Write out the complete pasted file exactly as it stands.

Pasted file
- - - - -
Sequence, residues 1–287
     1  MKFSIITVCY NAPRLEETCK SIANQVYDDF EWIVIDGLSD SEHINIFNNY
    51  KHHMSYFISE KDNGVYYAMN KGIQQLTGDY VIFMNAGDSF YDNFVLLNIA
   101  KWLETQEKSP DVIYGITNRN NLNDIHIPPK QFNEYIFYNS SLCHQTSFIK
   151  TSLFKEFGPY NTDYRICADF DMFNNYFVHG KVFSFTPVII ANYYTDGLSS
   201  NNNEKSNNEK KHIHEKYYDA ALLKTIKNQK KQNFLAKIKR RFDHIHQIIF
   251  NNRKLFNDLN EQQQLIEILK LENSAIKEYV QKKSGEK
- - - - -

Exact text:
Sequence, residues 1–287
     1  MKFSIITVCY NAPRLEETCK SIANQVYDDF EWIVIDGLSD SEHINIFNNY
    51  KHHMSYFISE KDNGVYYAMN KGIQQLTGDY VIFMNAGDSF YDNFVLLNIA
   101  KWLETQEKSP DVIYGITNRN NLNDIHIPPK QFNEYIFYNS SLCHQTSFIK
   151  TSLFKEFGPY NTDYRICADF DMFNNYFVHG KVFSFTPVII ANYYTDGLSS
   201  NNNEKSNNEK KHIHEKYYDA ALLKTIKNQK KQNFLAKIKR RFDHIHQIIF
   251  NNRKLFNDLN EQQQLIEILK LENSAIKEYV QKKSGEK